Rep. Marjorie Taylor Greene (R-Ga.) filed an ethics complaint against Fulton County, Ga., District Attorney Fani Willis (D), accusing the Georgia prosecutor of failing to disclose “luxury vacations” she took with Nathan Wade, a top prosecutor in former President Trump’s Georgia criminal case who she acknowledged developing a “personal relationship” with.
The four-page ethics complaint, dated Tuesday and filed with the Georgia State Ethics Commission, alleges that Willis violated the Georgia Government Transparency and Campaign Finance Act by not disclosing “suspicious relationships and transactions” she made in relation to Wade.
However, it’s not clear the commission has jurisdiction over the complaints Greene raises. While it does review failure to file disclosure reports — something the Georgia lawmaker alleges Willis has failed to do — it would likely be unable to address the substance of her complaint. The commission does not investigate “ethical or moral conduct of candidates, lobbyists, or public officers” and also does not review “misuse of state or local funds.”
The allegations in Greene’s complaint stem from a co-defendant of former President Trump, Mike Roman, filing motions seeking to disqualify Willis from the sprawling racketeering and election interference case. Roman alleged that Willis and Wade traveled to “traditional vacation destinations” together, including the Caribbean and Napa Valley.
Greene, a close Trump ally, claimed that the roughly $700,000 Wade was paid for working on the Trump case make him an “authority of the state” — suggesting Willis should therefore have to disclose any spending between the two.
The law she cites, however, only requires public officials to disclose payments for “speaking engagements, participation in seminars, discussion panels, or other activities which directly relate to the official duties of the filer.”
The pair responded to Roman’s accusations against them earlier this month — part of which Greene included in Tuesday’s complaint — saying their relationship began after Wade was hired and acknowledging that “financial responsibility for personal travel taken is divided roughly evenly between the two.”
But Greene suggested Willis somehow acted improperly by failing to demonstrate her contributions towards their expenses as a couple.
“On information and belief, Fani Willis received compensation for travel from her secret boyfriend and special prosecutor, Nathan Wade, to vacation on a luxury Caribbean cruise and a visit to Napa Valley,” the complaint reads. “These disclosures would have allowed the public to discover her inappropriate relationship with her secret boyfriend and special prosecutor Nathan Wade, which has illegally tainted her already spurious prosecution against former President Trump and 18 co-defendants.”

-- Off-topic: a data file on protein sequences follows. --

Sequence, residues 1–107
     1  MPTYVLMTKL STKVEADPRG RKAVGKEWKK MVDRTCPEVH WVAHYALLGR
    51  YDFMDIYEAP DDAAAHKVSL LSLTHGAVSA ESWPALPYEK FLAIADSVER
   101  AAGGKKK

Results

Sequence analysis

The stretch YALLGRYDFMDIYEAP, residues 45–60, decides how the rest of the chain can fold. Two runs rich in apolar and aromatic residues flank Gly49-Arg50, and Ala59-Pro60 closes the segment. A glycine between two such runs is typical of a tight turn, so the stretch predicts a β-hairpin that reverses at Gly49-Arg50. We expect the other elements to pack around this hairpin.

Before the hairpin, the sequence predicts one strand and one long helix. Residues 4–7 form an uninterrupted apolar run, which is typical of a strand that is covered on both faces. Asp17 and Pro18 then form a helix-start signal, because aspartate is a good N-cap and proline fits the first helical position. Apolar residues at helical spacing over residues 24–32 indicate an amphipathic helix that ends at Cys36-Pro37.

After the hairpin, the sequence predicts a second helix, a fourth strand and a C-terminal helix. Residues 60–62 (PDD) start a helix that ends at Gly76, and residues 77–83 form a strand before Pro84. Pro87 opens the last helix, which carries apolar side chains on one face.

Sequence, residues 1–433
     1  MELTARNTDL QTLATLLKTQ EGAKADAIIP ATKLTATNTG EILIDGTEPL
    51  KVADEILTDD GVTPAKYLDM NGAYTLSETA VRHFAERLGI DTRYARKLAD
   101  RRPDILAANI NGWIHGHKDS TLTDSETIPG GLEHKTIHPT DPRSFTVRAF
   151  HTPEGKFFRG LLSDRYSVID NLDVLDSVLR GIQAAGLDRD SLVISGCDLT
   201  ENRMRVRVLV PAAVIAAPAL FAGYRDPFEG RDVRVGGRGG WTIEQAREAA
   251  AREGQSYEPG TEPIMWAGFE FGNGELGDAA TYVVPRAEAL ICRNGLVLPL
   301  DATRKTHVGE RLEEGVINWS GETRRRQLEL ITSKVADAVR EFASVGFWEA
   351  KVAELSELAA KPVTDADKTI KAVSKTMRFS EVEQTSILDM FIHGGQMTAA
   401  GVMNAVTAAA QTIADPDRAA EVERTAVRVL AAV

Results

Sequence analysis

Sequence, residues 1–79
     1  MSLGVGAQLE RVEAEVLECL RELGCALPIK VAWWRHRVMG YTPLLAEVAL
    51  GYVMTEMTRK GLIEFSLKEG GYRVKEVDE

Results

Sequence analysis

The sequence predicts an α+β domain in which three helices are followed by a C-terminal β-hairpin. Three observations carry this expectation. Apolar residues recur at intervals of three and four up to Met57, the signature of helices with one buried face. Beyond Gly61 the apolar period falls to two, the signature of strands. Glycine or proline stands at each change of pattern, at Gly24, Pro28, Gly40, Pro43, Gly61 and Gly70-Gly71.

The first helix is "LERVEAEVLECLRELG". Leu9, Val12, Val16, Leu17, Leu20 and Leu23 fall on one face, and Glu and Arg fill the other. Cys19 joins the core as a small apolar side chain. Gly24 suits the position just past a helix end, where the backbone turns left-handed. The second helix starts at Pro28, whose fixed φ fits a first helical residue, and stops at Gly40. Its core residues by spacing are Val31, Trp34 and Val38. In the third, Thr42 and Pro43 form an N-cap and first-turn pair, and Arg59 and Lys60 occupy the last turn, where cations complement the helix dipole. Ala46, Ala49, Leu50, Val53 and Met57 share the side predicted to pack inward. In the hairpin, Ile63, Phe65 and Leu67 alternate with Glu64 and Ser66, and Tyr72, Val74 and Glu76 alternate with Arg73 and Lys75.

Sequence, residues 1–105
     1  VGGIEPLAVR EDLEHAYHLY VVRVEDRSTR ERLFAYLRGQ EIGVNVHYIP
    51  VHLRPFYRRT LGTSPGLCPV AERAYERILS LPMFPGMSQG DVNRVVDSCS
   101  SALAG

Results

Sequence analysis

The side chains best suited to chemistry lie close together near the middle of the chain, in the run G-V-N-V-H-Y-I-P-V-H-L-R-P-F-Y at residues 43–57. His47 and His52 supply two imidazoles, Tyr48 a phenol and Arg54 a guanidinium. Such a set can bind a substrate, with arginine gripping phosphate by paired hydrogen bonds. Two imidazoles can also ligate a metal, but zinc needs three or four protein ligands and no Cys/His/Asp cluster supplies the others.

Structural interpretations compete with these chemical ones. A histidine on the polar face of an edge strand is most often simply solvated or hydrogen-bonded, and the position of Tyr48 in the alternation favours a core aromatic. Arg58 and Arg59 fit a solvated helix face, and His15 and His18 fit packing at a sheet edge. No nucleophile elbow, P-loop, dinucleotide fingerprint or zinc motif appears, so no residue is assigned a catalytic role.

Willis countered that argument in an earlier court filing.
“To be absolutely clear, the personal relationship between Special Prosecutor Wade and District Attorney Willis has never involved direct or indirect financial benefit to District Attorney Willis,” Fulton County prosecutors wrote in a filing.
Willis has also described the motion is “salacious” and “designed to obtain” media attention in court filings.
In a statement, Greene called Willis’ failure to disclose the trips “a scandal of epic proportions.”
“Fani Willis can’t be trusted to fulfill her duties impartially. Inappropriate, unethical, and potentially illegal behavior has plagued her investigation from the outset,” she wrote.
“Willis’ refusal to disclose her relationships and financial transactions demonstrates a blatant disregard for the law and ethical standards,” she added.
Greene’s complaint also accuses Willis of “collud[ing]” with White House counsel — over meetings that stemmed from efforts to gather evidence for the case.
Tuesday’s complaint is not the first time Greene has gone after Willis as she leads the Georgia case against Trump. Last month, she filed a complaint requesting that Georgia Gov. Brian Kemp (R) and Attorney General Chris Carr (R) investigate Willis after Roman alleged that she had an improper relationship with Wade. Greene dubbed it an “illegal conflict of interest.”
Willis, however, has fought efforts to remove her from the case, including recent efforts from Roman’s team to subpoena testimony from her and Wade.
“Georgia law—as well as authority from across the country—predictably frowns on a process that permits counsel for one litigant to compel the testimony of counsel and employees of the opposing party, and there is no justification to depart from that general principle here,” Fulton County prosecutors wrote in a Wednesday filing.
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